Beltane is one of the sabbaths celebrated on the wheel of the year. It is a cross-quarter holiday that sits in between Ostara, the spring equinox, and Litha, the summer solstice. In this post, we look at what is Beltane and what it means today.
The history of Beltane
Beltane has been celebrated in some form and name for thousands of years. The Romans celebrated for a week at the beginning of May with much merriment. The name Beltane translates to ‘bright fire’ in the Celtic language which makes sense as Beltane is a fire festival.
The traditional themes of the celebration centred on fertility and sexual pleasure, protecting the crops which had grown so far and hoping for more good crops to come.
As an earth centred holiday, there would be lots of music, dancing and a bonfire. One of the ways that people would celebrate would be to have sex outside as a way to honour the gods and connect with nature. The maypole was a symbol of male energy and the cauldron was a symbol of female energy.
Women who wanted to conceive would light a small fire and place a cauldron on it. They would then jump over it!
Farmers would walk their animals between two fires as a way of protecting the animals and helping them with fertility.
While we may no longer have animals to walk through the fires or be as flamboyant as those who would be having sex outside, there is still much that we can take from Beltane today.
Beltane is a celebration of life. A happy time where we are thankful for what we have and hoping for more of what we want over the coming months. A time to connect with your local community and celebrate (when not in a pandemic!).
Beltane is very much linked with all things love. Be that fertility, marriage, sex, lust, or simply new friendships. It has also been nicknamed by some the ‘sex sabbath’! Therefore, working on any of these areas with magick, or journaling is a suitable way to celebrate the day.
Symbols and themes of Beltane
Maidens dancing around the maypole has been a long-held tradition in the united kingdom. As a very young girl, I remember being made to dance the maypole at primary school which was a church of England school.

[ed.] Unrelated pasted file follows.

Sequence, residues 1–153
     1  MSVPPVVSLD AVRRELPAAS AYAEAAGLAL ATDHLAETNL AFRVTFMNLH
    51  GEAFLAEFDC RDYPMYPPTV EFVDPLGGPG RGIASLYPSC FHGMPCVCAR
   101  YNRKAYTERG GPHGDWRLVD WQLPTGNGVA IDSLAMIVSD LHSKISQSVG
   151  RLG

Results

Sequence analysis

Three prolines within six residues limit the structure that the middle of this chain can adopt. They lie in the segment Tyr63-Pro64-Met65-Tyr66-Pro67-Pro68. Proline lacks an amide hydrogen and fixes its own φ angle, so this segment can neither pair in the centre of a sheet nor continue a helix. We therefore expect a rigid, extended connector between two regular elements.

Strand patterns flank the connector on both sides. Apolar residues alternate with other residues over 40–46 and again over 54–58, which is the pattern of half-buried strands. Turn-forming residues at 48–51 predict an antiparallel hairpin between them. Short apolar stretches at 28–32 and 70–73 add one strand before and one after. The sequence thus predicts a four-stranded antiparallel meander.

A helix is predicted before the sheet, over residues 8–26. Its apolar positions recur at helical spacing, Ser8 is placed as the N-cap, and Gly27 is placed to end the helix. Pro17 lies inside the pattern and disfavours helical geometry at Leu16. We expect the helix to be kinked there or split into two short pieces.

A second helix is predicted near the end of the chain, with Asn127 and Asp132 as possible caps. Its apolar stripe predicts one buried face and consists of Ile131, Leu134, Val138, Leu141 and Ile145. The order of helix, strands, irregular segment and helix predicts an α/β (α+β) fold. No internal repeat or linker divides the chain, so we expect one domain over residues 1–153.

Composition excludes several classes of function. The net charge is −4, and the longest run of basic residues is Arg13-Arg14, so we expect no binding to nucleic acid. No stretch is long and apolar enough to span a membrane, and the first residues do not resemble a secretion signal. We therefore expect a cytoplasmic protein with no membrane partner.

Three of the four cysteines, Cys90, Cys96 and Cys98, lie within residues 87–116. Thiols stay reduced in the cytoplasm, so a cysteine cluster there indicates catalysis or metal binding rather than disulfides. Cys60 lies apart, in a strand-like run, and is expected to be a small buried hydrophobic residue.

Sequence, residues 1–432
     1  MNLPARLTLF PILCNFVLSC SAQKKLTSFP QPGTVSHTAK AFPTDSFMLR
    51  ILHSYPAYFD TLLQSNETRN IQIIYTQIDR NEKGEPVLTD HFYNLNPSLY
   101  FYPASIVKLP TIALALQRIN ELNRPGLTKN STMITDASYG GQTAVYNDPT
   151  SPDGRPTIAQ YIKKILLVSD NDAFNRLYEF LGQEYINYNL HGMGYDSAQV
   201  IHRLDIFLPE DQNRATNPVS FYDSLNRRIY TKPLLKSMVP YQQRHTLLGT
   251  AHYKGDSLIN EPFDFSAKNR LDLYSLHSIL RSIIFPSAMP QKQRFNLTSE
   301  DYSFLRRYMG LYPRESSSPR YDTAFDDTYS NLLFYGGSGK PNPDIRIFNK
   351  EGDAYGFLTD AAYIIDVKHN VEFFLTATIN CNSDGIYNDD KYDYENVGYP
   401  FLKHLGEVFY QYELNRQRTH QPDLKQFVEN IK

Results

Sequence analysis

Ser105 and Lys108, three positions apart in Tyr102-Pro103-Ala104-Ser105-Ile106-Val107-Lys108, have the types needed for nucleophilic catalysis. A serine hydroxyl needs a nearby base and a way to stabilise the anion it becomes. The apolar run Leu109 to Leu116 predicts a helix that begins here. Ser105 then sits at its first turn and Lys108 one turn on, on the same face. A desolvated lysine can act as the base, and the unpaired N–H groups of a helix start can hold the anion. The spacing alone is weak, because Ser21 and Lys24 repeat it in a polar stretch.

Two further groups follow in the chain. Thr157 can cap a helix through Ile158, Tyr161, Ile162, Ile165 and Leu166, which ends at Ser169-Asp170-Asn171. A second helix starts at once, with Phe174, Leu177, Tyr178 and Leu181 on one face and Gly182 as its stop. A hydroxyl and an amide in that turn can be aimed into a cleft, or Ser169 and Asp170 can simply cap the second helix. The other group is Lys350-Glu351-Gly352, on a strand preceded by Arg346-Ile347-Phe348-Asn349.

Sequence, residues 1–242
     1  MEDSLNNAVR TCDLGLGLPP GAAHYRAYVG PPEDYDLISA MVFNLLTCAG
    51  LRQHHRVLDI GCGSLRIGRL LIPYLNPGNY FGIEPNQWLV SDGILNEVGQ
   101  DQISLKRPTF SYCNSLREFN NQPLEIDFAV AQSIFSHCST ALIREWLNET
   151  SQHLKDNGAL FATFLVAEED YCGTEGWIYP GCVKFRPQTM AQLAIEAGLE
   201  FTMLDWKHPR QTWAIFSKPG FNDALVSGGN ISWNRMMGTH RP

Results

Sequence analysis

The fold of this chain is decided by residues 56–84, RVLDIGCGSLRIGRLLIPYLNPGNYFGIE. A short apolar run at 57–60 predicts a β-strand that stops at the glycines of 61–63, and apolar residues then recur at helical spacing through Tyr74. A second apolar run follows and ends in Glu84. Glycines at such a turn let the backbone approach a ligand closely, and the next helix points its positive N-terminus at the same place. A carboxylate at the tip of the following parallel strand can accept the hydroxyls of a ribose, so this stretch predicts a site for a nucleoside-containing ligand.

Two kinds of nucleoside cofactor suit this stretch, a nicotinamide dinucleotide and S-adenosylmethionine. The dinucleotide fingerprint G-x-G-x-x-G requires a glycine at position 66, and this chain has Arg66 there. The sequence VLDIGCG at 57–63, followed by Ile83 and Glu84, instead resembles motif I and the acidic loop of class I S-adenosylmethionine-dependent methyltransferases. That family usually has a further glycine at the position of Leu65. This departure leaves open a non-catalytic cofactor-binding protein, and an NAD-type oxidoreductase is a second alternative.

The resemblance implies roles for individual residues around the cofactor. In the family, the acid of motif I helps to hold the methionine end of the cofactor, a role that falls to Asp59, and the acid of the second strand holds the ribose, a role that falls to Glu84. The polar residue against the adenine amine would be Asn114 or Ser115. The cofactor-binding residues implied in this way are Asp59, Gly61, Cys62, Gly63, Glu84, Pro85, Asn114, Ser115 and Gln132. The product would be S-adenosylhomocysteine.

The Maypole is a pole that has colourful ribbons attached. Girls would then hold one ribbon each and dance around the maypole which would weave the ribbons together around the pole.
Learn Religion suggests that the Maypole actually originates from Germany. No matter, where it originates from, it certainly made an impact on Britain. That is until for nearly two centuries the Maypole celebrations were wiped out by the puritans who found the whole idea to be much too sexual and inappropriate!
In the 1800s people became interested in old customs and traditions and the maypole was revived. However, it was more linked to church celebrations of Mayday which explains why my primary school made us participate in Maypole dancing in the 1980s.
Unconventional weddings describe how handfasting takes elements from the Celtics which have been incorporated with other earth centred ideas to make what we now know as handfasting in the neopagan format. The Celts did not believe in a marriage having any religious or contractual elements. They believed that both men and women were equal and could ‘marry’ if they both consented but the woman would still keep her family and any property that came from it.
A popular Beltane tradition celebrated by the Celts was to have a handfasting of sorts without any actual tieing of the hands which was a temporary commitment of a year and a day. It could then be reassessed and renewed if both parties wanted to.
Today handfastings are a great way to incorporate a couple’s spirituality into their wedding, but they are not a legal wedding so many couples have to also have a civil ceremony to attain their marriage license.
Flowers symbolise fertility, feminity, growth and Beltane so making a flower crown to wear for your Beltane celebrations is a fantastic way to honour the holiday. If you have children it can also be a great way to get crafting with them to make their own.
Beltane sits opposite Samhain on the wheel of the year and like Samhain, Beltane is a time that the veil is thin. However, this time it is the veil between this world and that of the fae and the nature spirits. This is the perfect time to reach out to them and connect.
Now is the last chance for planting seeds. whether that be actual seeds in your garden or local allotment, or seeds of intentions of your goals for the rest of the year.
The National Wildlife Federation says that traditionally children would make small baskets of flowers and leave them on the doorstep of someone that could not make the celebrations in the village green. They would place the basket on the doorstep, knock and then run away so that the person would not know who had left it.